Michigan apple crop is projected at 18.25 million bushels (766.5 million pounds), as announced at the recent USApple Outlook meeting in Chicago. The 2021 estimate is below average for the Michigan apple industry, and below the 22 million bushels harvested in 2020.
“In late April, some Michigan apple-growing areas experienced nine or more hours in the 20 degrees F range, which was too cold for any of the delicate apple blossoms that had opened at that time,” says Diane Smith, executive director of the Michigan Apple Committee. “Even with frost protection tools and the apple trees’ natural defense mechanisms, some of the fruit was lost. However, there will still be plenty of apples for consumers to enjoy this fall.”
There are more than 14.9 million apple trees in commercial production, covering 34,500 acres on 775 family-run farms in Michigan.
While the 2021 crop is smaller, the fruit on the trees is looking good, Smith says. In addition, a smaller crop this year could mean a larger one for 2022.
Crop Budget Estimator tools available for all crops
Michigan State University Extension recently released its latest version of Crop Budget Estimator tools that now offer planning assistance for all crops.
Whether raising fruits, vegetables or small grains, the new “all crops” version offers a starting point for budget planning needs and highlights key decision areas to consider while planning and growing crops.
It is a Microsoft Excel-based tool built around key areas to consider, and it combines it in one place, including marketing goals and yield goals, as well as breakevens on net farm income and cash flow.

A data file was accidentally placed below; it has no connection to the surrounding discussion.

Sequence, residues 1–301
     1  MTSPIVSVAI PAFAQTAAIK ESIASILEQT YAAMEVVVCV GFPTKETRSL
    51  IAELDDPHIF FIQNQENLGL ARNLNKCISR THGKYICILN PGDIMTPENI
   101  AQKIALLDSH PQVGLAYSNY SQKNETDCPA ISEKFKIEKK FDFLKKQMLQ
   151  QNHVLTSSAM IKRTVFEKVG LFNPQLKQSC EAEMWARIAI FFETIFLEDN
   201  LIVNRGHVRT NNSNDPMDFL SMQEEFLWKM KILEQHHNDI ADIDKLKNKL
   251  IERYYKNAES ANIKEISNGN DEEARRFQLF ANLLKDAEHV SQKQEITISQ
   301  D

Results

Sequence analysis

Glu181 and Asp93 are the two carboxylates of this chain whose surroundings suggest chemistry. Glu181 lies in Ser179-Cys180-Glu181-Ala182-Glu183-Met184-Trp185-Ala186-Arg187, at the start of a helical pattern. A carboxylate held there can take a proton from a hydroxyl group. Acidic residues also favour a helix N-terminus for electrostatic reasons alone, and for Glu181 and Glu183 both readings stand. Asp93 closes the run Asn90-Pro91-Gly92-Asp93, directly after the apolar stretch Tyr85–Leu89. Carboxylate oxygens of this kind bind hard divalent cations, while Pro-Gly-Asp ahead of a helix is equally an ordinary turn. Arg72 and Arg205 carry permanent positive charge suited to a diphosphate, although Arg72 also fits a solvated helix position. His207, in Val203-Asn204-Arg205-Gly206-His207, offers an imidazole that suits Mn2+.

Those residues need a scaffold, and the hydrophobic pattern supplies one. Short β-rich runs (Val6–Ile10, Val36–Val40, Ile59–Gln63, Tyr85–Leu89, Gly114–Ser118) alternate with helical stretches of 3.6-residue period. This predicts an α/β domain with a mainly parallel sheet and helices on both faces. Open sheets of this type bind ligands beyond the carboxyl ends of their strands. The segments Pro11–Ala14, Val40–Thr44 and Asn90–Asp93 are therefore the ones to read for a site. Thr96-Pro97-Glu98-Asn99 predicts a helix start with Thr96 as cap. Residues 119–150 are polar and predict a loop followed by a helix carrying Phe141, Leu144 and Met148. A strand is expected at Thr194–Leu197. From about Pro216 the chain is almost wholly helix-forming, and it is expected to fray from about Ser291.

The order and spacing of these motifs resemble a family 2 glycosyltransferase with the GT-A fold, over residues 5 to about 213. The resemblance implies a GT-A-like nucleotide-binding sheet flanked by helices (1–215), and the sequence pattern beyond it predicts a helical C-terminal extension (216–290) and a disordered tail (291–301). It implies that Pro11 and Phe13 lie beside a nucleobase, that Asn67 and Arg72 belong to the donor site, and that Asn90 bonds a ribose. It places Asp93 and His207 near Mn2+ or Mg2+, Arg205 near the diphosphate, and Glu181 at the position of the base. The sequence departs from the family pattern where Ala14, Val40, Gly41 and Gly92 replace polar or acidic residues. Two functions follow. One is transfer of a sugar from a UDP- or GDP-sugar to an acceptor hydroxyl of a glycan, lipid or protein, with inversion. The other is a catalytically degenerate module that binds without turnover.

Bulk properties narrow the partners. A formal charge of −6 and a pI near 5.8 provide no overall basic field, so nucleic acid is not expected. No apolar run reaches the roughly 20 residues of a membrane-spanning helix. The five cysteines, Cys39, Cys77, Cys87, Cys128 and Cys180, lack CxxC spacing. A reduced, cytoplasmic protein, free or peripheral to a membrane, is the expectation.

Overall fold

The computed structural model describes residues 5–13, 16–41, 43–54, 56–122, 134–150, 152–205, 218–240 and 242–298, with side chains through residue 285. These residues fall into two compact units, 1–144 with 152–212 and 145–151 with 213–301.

The crop budget estimator also features an Optimization Tool. Using the budgets created in the estimator, the optimization tool will determine what combination of acres returns the highest profitability. Producers define:
- maximum total operating costs
- minimum acres of planned crops to be planted (for maintaining rotational needs)
- total number of acres to be planted
For an expanded analysis, producers can also use tools designed for more specific crops. See them all at canr.msu.edu.
CWD confirmed at 2 farmed deer facilities
Two cases of chronic wasting disease have been confirmed at two separate farmed deer facilities, one in Mecosta County and one in Montcalm County, according to the Michigan Department of Agriculture and Rural Development. The two infected deer, a 2-year-old and a 4-year-old, were discovered through routine testing as part of the state’s CWD surveillance program for farmed deer.
CWD is a fatal neurological disease that affects white-tailed deer, mule deer, elk and moose. The disease can be transmitted directly from one animal to another, as well as indirectly through the environment.
Since 2008, and including these new cases, CWD has been detected at eight Michigan deer farms in the following counties: Kent, Mecosta (3), Montcalm (3) and Newaygo.
To date, while no free-ranging, white-tailed deer have tested positive for CWD in Mecosta County, the disease has been detected in 123 free-ranging deer from Montcalm County.
There have been no reported cases of CWD infection in humans. However, as a precaution, the U.S. Centers for Disease Control and the World Health Organization recommend that infected animals should not be consumed as food by either humans or domestic animals.
Ag employers wanted for career fair
The MSU Career in Agriculture and the Green Industries Fair (virtual) is set for 3 to 6 p.m. Tuesday, Sept. 28. The fair is ideal for employers who seek MSU’s top talent. For more information, go to the Employer Registration Link or email [email protected].
Employers should consider posting summer 2022 internships and entry-level positions before the career fair to advertise to students when they return to fall 2021 semester.